Use of the precious white metal in industries like 5G infrastructure and new breed of smart electronics could drive demand.
Silver has traditionally been a volatile commodity, high in demand during days of inflation.
A near-perfect storm had been brewing for the industry. Finally, the raft of factors has come together and resulted in a unidirectional move in silver prices over the last few months. With prices hitting multi-year highs, the silver rally has outsmarted gold prices and stumped commodity traders while making it one of the best commodities for the year.
Macroeconomic factors are pushing investments in precious metals, while bonds have lost their appeal. The weak economy has pushed investments in silver and gold. Investors now believe that the central bank could be expanding the stimulus programme which could make their currency lose value.
From the closing low of $11.772/oz on March 18, the Silver Continuous Contract on NYMEX has risen by over 100%. With prices hardening with every passing month, silver bars have been in short supply. It is not often that the glitter of gold pales in comparison to silver. 2020 is proving to be just that year.
If a poll of 42 analysts, carried out by Reuters journalists holds true for 2021, prices could average the $20/oz mark. Unless there is an increase in output or fall in demand, prices could be expected to remain firm.
Demand, volatility stay firm Retail investors are pouring money into ETFs to ride the rally. iShares Silver Trust (SLV) has been among the star ETFs which prices up well over 100 percent from the low seen in March. The Aberdeen Standard Physical Silver Shares ETF (SIVR) has moved up over 50 percent YTD while the ProShares Ultra Silver ETF has given slightly better returns than SIVR.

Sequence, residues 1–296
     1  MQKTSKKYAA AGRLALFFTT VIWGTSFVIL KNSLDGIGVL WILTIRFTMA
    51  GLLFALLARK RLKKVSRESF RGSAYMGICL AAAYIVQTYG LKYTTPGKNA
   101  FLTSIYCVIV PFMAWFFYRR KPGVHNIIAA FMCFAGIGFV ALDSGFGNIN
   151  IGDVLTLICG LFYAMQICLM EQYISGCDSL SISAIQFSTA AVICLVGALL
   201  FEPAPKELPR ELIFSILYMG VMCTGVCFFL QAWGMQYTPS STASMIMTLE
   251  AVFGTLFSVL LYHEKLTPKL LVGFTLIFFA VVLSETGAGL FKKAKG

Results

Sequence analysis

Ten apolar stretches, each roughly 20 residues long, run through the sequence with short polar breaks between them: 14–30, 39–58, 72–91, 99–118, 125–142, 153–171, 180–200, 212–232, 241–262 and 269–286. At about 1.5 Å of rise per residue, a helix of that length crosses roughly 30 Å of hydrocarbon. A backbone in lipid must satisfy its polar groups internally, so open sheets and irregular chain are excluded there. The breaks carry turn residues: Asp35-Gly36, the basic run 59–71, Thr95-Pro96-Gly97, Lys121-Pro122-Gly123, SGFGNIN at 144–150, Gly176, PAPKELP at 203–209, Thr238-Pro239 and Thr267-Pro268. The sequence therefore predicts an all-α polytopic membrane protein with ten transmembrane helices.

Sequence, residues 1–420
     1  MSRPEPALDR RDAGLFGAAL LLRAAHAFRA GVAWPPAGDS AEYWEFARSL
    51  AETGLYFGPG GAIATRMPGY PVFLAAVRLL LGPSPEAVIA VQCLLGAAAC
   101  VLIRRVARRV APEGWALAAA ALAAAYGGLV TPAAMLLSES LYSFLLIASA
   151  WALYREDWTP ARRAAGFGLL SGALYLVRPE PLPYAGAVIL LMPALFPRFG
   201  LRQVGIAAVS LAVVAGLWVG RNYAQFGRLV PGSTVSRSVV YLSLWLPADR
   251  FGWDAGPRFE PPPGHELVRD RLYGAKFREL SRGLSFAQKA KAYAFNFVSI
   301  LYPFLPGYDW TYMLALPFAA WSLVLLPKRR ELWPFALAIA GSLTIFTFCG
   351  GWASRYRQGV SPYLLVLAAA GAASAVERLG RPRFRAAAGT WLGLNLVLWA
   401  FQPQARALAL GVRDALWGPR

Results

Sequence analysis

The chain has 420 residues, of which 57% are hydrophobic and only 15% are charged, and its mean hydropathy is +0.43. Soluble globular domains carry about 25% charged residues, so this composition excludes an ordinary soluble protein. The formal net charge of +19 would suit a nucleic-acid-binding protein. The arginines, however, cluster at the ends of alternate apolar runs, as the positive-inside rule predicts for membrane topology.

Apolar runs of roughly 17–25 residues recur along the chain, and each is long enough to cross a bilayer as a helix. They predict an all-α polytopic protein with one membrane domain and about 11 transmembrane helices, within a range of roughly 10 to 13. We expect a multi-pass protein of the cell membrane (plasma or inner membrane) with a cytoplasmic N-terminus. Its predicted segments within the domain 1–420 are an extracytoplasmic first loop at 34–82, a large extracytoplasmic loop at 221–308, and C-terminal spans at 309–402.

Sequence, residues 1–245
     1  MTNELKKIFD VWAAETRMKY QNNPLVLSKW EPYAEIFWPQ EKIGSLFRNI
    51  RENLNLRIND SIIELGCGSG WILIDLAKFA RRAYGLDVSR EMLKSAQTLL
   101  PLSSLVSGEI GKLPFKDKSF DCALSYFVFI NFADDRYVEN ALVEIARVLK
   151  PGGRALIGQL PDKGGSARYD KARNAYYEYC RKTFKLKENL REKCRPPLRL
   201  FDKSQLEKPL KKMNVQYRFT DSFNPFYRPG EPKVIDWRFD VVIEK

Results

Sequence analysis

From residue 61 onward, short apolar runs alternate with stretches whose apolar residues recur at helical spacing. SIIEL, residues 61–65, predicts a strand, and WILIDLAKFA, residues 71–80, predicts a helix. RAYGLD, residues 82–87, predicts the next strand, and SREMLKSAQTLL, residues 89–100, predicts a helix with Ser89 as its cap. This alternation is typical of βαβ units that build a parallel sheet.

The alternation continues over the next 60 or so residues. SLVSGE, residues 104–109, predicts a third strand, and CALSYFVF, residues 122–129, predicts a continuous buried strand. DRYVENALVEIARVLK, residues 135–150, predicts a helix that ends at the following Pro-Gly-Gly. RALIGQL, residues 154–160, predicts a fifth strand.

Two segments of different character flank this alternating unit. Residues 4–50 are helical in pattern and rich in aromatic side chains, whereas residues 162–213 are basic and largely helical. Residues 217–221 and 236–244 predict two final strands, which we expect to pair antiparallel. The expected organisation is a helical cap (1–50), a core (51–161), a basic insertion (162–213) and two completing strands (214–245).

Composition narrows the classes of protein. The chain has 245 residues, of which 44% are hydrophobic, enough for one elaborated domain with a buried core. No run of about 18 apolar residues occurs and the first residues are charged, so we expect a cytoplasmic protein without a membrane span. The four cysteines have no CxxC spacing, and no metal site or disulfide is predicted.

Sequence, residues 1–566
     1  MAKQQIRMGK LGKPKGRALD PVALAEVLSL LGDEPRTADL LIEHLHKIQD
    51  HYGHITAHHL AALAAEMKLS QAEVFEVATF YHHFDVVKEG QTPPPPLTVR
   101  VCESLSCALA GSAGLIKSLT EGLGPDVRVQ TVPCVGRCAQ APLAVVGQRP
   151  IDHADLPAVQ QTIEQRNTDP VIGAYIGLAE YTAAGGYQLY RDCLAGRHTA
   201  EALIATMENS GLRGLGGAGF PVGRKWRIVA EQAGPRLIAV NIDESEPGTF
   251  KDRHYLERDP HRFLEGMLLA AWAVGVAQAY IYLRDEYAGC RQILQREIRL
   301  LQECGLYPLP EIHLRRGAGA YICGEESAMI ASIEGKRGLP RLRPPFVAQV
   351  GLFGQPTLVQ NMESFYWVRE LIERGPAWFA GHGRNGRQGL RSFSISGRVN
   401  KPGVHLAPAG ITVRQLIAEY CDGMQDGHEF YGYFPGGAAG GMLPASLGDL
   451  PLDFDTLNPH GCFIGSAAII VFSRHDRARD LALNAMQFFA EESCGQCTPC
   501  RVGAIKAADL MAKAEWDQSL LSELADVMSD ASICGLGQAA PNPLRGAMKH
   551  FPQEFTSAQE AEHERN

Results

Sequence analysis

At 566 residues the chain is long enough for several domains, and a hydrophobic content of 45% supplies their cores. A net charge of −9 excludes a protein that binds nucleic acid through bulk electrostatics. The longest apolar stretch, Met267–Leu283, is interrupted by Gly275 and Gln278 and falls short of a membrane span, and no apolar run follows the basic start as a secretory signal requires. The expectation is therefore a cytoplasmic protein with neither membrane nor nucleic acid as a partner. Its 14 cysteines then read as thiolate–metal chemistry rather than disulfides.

The factors playing out in the commodity markets and ETFs have also rubbed off on the companies.The Coeur Mining (CDE) stock, which owns silver and gold mines, has recouped all the losses after the sell-off seen in the first quarter.
Silver has traditionally been a volatile commodity, high in demand during days of inflation. During the 1970s, when inflation had hit double digits in the U.S., silver prices had hit a lifetime high of $49. That was the time when three Hunt brothers had reportedly cornered over 200 million ounces of the metal. In 1979, prices had started at $6/oz and ended at $32/oz, typical of the volatility that silver goes through occasionally.
Rally after disrupted production Demand from industries accounted for nearly half the silver consumption during 2019. As the economy gathers steam after a sharp fall in demand, the use of silver in industries like electronics and solar panels is sure to push up prices. Use of the precious white metal in industries like 5G infrastructure and new breed of smart electronics could drive demand.
The supply lines for the metal have been disrupted after the spread of coronavirus. At the start of the year, the output from mines was expected to grow by two percent, the first increase in output in nearly five years according to The Silver Institute.
Major silver producing countries like Bolivia, Peru, Mexico had lockdowns in the country, disrupting supplies. With the risk associated with mining, work was disrupted and production activity thrown off gear in countries like Australia which did not have a national lockdown. Silver’s annual production is now expected to fall for the year. At 1694 tonnes, it could be over six percent lower than last year.
The fall in output and the rising demand from select industries could be pushing prices up sharply. The rising prices also mean that investors are putting more money on silver exploration projects.